A century bike ride is, by definition, 100-miles long. So imagine our confusion when Brian Farrell and I -- minus Bob "I didn't sleep well" Untiedt -- arrived for today's Swine Trek and discovered the "century" only added up to 94 miles.
I'm not sure if the 25- and 50-mile routes added up to the correct distance, but I signed up for the century and I was going to ride 100-miles if it killed me, which it nearly did.
We made good time and were riding strong for the first 50 miles, which we covered in four hours, including refueling stops. The final 50 were about 30 miles too many, for me, and took nearly five hours. It was every bit as hot, hilly and windy as anything I experienced on RAGBRAI this year, only worse.
On the 22-mile segment from Quasqueton to Troy Mills, we added four miles by adding Coggon to the route. The seven-mile ride from Coggon to Troy Mills was nothing short of brutal. Between the heat, crosswinds and hills that had me shifting to my granny gear, I contemplated quitting. When my legs and hips began cramping -- a result of inadequate training (I'd only ridden 92.6 miles on five training rides since RAGBRAI), insufficient sleep (I'm end zone videographer for the Washington High School varsity football team and didn't get home from Cedar Falls until 12:30 a.m.) and improper hydration (though I didn't anticipate the lack of options the last half of the day) -- I pictured myself unable to release my shoes from the clips and tumbling to the pavement.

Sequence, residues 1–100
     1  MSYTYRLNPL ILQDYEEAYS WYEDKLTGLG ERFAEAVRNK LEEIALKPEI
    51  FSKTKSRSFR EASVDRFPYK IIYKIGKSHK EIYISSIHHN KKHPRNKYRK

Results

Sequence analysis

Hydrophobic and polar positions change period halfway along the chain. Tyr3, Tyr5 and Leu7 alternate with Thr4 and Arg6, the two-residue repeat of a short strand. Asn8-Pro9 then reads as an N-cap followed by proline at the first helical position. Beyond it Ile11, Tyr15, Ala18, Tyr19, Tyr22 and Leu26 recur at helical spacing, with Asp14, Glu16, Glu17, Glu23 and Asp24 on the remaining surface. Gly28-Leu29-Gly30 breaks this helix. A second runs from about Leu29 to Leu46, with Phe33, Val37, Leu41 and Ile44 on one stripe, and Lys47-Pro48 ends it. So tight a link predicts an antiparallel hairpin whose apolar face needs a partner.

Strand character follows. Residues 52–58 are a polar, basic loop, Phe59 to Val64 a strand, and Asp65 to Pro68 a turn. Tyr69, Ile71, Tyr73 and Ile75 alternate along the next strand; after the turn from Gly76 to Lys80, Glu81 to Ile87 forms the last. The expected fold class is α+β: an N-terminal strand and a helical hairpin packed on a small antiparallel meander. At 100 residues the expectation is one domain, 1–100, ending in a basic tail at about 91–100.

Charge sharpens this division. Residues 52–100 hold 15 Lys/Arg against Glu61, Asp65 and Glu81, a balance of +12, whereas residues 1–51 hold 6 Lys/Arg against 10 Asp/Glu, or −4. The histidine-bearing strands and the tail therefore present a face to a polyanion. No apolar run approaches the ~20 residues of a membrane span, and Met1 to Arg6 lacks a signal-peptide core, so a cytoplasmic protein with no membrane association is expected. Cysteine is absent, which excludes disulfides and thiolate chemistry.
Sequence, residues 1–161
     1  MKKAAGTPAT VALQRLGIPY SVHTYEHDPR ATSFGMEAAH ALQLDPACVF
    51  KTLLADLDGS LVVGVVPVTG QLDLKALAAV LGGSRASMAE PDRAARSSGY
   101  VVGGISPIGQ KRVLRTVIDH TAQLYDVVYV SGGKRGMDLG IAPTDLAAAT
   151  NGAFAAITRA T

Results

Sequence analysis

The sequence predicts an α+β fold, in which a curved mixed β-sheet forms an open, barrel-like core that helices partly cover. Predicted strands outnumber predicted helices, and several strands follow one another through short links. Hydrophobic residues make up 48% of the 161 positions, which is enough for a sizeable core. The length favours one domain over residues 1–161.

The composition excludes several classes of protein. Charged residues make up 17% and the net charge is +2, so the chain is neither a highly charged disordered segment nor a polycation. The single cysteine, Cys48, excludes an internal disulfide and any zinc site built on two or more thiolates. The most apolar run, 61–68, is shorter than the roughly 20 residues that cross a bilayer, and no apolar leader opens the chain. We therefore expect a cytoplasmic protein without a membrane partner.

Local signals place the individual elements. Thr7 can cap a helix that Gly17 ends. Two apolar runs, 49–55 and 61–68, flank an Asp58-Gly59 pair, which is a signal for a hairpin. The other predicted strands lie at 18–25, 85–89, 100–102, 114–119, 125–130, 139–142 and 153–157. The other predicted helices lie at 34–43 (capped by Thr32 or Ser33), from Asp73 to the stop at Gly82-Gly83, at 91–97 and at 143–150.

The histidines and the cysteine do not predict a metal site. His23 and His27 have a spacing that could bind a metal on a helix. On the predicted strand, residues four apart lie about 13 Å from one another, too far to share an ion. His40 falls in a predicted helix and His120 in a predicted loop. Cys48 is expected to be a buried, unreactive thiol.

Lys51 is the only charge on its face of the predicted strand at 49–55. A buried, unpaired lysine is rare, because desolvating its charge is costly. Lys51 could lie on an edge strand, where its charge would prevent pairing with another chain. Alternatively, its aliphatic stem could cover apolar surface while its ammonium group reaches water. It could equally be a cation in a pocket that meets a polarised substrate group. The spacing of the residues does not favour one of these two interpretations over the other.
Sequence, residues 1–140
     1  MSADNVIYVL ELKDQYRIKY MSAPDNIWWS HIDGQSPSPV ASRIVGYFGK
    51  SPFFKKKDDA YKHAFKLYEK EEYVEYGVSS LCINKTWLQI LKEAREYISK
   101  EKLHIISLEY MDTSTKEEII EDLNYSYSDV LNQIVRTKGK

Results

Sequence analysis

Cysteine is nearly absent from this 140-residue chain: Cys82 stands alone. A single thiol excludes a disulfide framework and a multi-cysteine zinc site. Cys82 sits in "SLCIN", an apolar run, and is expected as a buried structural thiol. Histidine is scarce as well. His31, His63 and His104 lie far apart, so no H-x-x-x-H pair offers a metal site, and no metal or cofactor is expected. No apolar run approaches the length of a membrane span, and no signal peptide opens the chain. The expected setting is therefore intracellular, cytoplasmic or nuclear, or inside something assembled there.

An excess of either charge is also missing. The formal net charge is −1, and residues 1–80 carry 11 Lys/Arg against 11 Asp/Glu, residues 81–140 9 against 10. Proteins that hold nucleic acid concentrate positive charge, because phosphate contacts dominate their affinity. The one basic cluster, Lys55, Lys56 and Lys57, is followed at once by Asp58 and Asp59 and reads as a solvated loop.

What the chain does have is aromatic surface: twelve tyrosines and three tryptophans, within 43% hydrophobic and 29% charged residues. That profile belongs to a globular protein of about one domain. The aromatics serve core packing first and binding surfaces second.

By the time we reached Troy Mills, we'd logged 77 miles. I consumed a dill pickle in hopes of warding off the cramps and a half-frozen ice cream bar. The stop was out of water and Gatorade, so I headed across the street to the gas station for a Monster energy drink and a water.
Brian was increasingly pushing ahead of me at this point and was a much stronger rider than me. He kept stopping to let me catch up, which was most generous considering we were at risk of missing out on the chicken dinner (chicken for something called Swine Trek?) awaiting at the finish.
On mile 86, my IPod player died, leaving me alone with my thoughts. This is a scary situation. I began cramping at even the slightest of inclines, which fortunately began easing on the way to Center Point. From there to Pleasant Creek Park was nine, mostly flat miles, though a steep hill to the park entrance awaited. I gave Brian my car keys fearing I wouldn't make it so he could come rescue me.
But I granny geared that last hill and we made it to the park at 3:45, still in time for the chicken dinner, but with only 98 miles on the odometer. After feasting and enjoying time off of our bicycle seats, we still had two miles to complete before we could cross a century off our bucket lists.
Eight laps around the parking lot and we hit the magic number. That 100 miles was a personal best by 14.5 miles dating back to the grueling 85.5-mile RAGBRAI journey from Sheldon to Estherville in 2005. If memory serves, a thunderstorm-induced sleepless night was followed by a day that included biking in a hailstorm. Today was also a personal "best" by six minutes over that day for time in the saddle -- 7:23:03.
Most significantly to me, I've now logged 1022.8 miles on the year, topping the 932.8 miles from 2005, when I caught this biking bug. My Giant OCR3 has now accumulated 3,109 miles in four years, for an average of 777 per (which says a little something about 2006 and 2007).
My point of all this? Bucket lists are overrated, and so are centuries.